Gordon Elliot and Jack Kennedy win ‘non-trier’ appeals

Trainer and jockey given penalties after Suitor finished third in Down Royal hurdle

Gordon Elliott and Jack Kennedy have won their appeals against ‘non-trier’ penalties imposed from a Down Royal meeting earlier this month. Photograph: Lorraine O’Sullivan/Inpho

Gordon Elliott and Jack Kennedy have won their appeals against ‘non-trier’ penalties imposed from a Down Royal meeting earlier this month. Photograph: Lorraine O’Sullivan/Inpho

 

The Gold Cup and Grand National winning trainer Gordon Elliott and jump racing’s most high profile young jockey Jack Kennedy have won their appeals against ‘non-Trier’ penalties imposed on them at Down Royal earlier this month.

Elliott was fined €2,000 and Kennedy banned for five days by the Down Royal stewards after Suitor finished third in a maiden hurdle. The horse was banned for 42 days under Rule 212 which relates to ‘non-triers.’

On Monday morning, at Turf Club headquarters, a referrals committee panel, chaired by the former Supreme Court judge, Joe Finnegan, allowed the appeals against those penalties after concluding they could not be satisfied the rules had been breached.

“We didn’t do anything wrong so we’re happy,” said Elliott who tops the trainer’s table in Ireland this season. “It’s been a bit of a waste of a morning since we’re very busy at home.”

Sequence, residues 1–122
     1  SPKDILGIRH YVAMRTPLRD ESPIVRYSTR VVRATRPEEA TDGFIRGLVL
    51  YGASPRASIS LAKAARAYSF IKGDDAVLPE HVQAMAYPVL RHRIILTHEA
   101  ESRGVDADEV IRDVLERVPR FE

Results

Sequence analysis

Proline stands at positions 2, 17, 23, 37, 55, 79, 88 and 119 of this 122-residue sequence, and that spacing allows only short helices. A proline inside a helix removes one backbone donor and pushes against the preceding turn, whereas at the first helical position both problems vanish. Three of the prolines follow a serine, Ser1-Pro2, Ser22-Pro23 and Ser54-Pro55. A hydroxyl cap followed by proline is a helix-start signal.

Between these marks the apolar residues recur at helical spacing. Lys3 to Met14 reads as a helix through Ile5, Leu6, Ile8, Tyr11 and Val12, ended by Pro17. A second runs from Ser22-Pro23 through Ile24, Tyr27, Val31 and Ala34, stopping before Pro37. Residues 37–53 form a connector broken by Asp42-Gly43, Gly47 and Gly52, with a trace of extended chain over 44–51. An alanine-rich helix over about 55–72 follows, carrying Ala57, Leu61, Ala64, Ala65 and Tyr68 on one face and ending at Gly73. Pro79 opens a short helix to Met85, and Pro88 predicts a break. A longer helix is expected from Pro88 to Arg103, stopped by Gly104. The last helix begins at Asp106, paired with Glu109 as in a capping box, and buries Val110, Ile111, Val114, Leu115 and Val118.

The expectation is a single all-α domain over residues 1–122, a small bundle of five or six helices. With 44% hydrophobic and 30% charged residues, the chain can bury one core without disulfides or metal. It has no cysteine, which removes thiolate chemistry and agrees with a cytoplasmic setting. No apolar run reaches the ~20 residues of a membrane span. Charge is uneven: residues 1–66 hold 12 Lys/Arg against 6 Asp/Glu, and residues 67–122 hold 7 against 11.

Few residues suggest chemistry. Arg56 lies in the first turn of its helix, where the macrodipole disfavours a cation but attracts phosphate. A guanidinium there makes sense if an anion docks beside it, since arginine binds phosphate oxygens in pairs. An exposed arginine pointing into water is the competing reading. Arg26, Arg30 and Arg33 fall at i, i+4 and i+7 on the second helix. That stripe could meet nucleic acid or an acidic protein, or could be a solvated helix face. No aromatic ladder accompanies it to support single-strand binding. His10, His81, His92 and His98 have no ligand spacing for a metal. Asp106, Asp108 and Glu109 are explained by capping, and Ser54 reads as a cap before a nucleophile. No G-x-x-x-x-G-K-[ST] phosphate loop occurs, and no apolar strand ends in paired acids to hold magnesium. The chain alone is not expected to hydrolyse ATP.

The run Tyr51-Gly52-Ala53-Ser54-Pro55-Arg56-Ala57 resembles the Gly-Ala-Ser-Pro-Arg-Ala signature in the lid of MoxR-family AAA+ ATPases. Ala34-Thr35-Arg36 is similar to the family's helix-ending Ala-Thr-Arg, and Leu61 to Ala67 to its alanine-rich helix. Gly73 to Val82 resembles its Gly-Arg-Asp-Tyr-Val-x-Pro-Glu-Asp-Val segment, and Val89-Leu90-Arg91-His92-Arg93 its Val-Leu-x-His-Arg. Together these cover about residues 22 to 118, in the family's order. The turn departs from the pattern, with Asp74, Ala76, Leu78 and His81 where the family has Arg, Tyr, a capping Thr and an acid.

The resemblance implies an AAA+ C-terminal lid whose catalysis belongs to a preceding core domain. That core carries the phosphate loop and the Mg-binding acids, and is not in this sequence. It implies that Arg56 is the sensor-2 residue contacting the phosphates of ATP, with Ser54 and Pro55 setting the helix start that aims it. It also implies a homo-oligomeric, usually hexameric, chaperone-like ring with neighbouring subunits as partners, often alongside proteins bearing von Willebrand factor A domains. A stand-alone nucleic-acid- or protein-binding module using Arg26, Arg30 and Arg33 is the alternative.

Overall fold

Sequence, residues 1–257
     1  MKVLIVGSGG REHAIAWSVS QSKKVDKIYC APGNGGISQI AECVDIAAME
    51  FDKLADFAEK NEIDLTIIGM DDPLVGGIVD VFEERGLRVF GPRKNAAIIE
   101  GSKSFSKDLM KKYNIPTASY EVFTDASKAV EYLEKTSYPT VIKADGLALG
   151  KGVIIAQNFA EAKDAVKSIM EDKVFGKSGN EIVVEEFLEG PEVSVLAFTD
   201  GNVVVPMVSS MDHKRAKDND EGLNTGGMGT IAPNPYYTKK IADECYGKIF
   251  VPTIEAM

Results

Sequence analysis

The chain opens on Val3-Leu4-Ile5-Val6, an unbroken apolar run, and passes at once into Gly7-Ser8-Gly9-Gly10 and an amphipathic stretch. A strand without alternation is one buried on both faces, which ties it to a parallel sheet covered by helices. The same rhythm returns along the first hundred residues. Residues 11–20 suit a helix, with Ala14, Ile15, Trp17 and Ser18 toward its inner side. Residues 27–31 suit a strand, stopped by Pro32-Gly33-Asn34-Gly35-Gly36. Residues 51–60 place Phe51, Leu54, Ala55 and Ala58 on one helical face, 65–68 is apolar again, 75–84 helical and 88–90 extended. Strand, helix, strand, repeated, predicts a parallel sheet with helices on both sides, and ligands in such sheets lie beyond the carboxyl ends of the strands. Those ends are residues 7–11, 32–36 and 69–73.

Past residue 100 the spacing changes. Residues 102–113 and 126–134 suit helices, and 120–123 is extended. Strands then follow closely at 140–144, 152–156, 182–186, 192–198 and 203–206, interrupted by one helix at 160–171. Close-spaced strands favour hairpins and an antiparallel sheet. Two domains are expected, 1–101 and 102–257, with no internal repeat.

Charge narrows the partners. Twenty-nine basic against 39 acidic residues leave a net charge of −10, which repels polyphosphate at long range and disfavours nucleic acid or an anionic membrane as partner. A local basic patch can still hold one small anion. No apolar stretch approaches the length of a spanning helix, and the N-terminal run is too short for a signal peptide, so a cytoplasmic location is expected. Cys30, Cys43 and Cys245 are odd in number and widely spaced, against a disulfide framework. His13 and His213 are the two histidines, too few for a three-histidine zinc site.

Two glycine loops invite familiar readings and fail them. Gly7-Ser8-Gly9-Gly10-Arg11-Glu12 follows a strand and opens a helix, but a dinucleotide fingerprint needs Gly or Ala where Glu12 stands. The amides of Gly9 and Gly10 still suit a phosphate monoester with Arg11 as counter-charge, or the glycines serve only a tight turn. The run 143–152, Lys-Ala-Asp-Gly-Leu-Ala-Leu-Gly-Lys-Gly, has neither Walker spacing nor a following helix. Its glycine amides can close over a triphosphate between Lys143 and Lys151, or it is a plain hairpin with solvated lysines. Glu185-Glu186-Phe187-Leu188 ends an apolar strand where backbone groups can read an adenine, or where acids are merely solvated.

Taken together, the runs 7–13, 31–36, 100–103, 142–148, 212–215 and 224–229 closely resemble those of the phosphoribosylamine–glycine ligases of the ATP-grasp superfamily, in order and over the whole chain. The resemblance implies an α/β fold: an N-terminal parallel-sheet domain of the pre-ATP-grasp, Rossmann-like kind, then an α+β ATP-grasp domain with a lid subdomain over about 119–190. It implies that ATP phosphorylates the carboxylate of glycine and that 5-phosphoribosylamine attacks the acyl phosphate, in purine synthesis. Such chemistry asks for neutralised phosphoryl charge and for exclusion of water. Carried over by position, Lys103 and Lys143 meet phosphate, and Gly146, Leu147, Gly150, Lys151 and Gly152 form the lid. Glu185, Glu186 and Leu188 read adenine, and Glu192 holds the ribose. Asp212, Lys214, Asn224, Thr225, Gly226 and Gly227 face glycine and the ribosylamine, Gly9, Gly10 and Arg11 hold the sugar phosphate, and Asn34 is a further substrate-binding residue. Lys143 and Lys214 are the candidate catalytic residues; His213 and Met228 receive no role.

Elliott said he was relieved for Kennedy, the 18-year-old rider who has shot to fame in the last couple of season.

The trainer had been in America for the Breeders Cup when Suitor ran at Down Royal and was allowed to give evidence to the appeals panel on Monday. In his evidence he expressed his satisfaction with Kennedy’s ride and insisted Suitor could not have finished closer than third.

“It would have been a disaster for Jack because he might have missed the Betfair Chase, the Troytown, or whatever,” Elliott said after the appeal. He also indicated Suitor, who was having his first race over jumps at Down Royal, is likely to run again in the next couple of weeks.

The hearing took almost an hour and a half and Kennedy, who was present, was not allowed give evidence to the appeals panel who instead examined the transcript of the evidence he gave the original enquiry.

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